Sea stars in the waters off British Columbia that died off in the billions about a decade ago are not recovering as expected, an expert says.
A new study published by the Royal Society said sea stars are getting close to extinction as waters along the west coast, including in California and Mexico, warm faster because of climate change.
There are still some populations of sea stars in B.C. waters, but it’s unclear if they’ll survive, said Sara Hamilton, who is a PhD student at Oregon State University and lead author of the study.
These “charismatic creatures” have been wasting away since 2013, she said, and studies have shown this could be due to bacteria or a virus that thrives in warm waters.
“Mexico and Southern California sea stars were wiped out in a matter of a couple of months,” she said in an interview Tuesday.
“Whereas Alaska and British Columbia where it’s much cooler, you know we still have remnant populations. So, there’s evidence for sure that temperature is somehow related to it.”
Sea stars, also known as starfish, come in multiple bright colours, including purple, yellow and red. While many have five arms and are shaped like a star, other starfish species have 10, 20 and even 40 arms and can grow to a metre in diameter.
Alyssa Gehman, a co-author of the study, said she is worried about the large decline of the sea star population in B.C. waters.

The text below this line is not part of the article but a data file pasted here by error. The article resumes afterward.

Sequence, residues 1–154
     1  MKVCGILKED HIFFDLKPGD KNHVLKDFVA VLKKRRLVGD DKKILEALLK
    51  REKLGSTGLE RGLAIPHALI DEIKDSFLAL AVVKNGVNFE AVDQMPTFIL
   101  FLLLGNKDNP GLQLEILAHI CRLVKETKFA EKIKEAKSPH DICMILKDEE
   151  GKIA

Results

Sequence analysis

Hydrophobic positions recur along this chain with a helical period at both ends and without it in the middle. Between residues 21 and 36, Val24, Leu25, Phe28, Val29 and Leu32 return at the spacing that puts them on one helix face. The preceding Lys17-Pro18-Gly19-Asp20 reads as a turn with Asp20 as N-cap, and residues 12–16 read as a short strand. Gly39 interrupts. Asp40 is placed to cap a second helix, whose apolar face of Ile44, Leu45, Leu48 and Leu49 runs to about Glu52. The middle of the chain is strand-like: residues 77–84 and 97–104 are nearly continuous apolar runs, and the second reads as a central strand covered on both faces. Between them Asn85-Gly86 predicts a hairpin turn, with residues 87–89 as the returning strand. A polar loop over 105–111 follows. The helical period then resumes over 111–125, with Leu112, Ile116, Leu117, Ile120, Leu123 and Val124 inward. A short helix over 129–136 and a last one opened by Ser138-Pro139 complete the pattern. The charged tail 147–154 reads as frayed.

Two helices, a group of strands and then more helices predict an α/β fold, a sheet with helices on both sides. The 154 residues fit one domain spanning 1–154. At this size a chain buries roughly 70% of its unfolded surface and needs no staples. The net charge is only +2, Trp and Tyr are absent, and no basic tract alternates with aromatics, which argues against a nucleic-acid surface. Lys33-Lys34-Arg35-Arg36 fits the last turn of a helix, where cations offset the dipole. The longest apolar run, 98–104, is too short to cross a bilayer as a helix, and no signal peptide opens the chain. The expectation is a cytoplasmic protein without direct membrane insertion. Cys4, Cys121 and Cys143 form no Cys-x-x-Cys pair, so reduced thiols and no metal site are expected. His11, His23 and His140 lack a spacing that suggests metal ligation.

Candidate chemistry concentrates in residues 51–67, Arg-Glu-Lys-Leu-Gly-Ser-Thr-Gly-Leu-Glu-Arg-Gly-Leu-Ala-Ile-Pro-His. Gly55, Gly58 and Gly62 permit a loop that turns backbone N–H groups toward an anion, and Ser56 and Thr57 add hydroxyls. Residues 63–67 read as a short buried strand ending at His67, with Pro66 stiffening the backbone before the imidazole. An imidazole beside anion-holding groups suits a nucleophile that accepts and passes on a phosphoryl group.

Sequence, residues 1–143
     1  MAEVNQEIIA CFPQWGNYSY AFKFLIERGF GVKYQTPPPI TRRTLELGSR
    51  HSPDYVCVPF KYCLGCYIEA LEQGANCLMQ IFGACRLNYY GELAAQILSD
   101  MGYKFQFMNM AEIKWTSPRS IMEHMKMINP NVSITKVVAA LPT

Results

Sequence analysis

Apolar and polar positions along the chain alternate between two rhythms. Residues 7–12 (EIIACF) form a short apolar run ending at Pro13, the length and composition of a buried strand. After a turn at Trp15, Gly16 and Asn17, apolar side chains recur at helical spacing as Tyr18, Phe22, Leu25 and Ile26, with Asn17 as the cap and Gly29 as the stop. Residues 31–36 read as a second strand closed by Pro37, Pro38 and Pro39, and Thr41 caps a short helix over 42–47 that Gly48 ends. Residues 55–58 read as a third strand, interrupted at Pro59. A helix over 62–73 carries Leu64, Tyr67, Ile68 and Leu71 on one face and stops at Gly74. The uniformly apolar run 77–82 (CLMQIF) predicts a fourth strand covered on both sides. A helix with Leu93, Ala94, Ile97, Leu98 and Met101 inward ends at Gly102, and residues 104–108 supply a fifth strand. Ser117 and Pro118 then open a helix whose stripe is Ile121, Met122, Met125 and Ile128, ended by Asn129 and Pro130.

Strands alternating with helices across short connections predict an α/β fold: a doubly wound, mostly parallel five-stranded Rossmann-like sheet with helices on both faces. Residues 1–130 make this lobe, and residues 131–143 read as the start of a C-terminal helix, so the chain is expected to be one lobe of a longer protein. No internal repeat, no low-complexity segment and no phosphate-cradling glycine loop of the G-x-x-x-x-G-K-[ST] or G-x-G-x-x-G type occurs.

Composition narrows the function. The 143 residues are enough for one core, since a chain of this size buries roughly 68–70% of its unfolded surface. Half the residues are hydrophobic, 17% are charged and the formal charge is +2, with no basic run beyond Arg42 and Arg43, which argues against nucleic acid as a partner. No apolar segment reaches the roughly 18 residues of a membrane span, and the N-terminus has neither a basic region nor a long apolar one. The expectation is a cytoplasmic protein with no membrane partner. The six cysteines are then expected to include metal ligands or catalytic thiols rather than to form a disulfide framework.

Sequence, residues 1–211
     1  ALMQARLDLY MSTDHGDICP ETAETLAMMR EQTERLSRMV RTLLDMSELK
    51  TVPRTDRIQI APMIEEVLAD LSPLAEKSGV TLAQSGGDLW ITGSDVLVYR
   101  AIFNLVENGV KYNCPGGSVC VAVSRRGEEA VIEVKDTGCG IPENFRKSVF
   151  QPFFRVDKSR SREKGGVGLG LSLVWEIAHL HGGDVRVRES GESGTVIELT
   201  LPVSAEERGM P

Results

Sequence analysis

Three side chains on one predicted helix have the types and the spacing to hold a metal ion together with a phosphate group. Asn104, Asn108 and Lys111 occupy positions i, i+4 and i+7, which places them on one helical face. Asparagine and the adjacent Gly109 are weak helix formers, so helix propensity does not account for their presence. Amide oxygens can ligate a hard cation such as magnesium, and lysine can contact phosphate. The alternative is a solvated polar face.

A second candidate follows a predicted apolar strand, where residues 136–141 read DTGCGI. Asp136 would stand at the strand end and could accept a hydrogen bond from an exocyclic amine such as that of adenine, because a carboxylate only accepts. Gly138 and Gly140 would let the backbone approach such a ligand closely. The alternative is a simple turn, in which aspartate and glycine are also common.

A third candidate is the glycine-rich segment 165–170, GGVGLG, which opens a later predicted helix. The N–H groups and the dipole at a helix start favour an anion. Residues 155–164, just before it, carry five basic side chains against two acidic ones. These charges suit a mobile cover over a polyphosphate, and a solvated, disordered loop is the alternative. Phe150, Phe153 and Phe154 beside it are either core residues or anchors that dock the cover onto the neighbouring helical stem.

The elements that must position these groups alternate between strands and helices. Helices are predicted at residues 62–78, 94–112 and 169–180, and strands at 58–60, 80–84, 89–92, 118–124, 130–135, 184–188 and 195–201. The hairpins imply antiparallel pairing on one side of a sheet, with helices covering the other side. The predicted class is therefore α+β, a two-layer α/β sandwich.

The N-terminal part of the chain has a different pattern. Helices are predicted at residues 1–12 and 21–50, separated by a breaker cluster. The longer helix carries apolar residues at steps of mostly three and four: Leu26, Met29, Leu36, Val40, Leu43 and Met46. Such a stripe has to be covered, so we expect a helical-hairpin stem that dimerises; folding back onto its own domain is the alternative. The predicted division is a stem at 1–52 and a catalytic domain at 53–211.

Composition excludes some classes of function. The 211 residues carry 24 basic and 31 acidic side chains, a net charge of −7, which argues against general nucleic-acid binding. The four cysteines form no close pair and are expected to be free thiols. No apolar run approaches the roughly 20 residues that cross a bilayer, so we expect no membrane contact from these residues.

Gehman is a scientist with the Hakai Institute, which conducts long-term scientific research in remote locations on B.C.’s coast.
“As everyone has experienced, the temperatures are increasing here as well, and so I’m really concerned that that’s going to put the species at risk,” she said in an interview.
Hamilton said the sea stars have been ever-present and people are used to seeing them on the beach or while diving.
“Then all of a sudden they were gone. It’s been an ecosystem loss, a cultural loss. A loss of childhood memories.”
Hamilton said the wasting disease that attacks them leaves white or discoloured lesions on their surface and can destroy adult and juvenile sea stars within 48 hours.
“Those lesions start to spread over their body, and I mean it would be like if we lost all of our skin,” Hamilton said.
“Their insides start pouring out. Some of their arms begin to fall off because the lesions disconnect their arms. It’s very disturbing.”
The massive loss of sea stars has also upset the ecological balance in coastal oceans, as the starfish once kept sea urchins in check, which now feast on kelp forests.
Kelp is an important habitat for other marine wildlife to use for food and shelter, she said.
“As you lose sea stars, their role in the ecosystem dims and they shine a little less bright.”
Gehman said one of the solutions is raising the animals in a lab while working on finding out what is causing the disease.
“I mean stop climate change,” she said. “That is actually one of the things that we sort of come back to. But that really is the thing that needs to happen to save these animals.”
—Hina Alam, The Canadian Press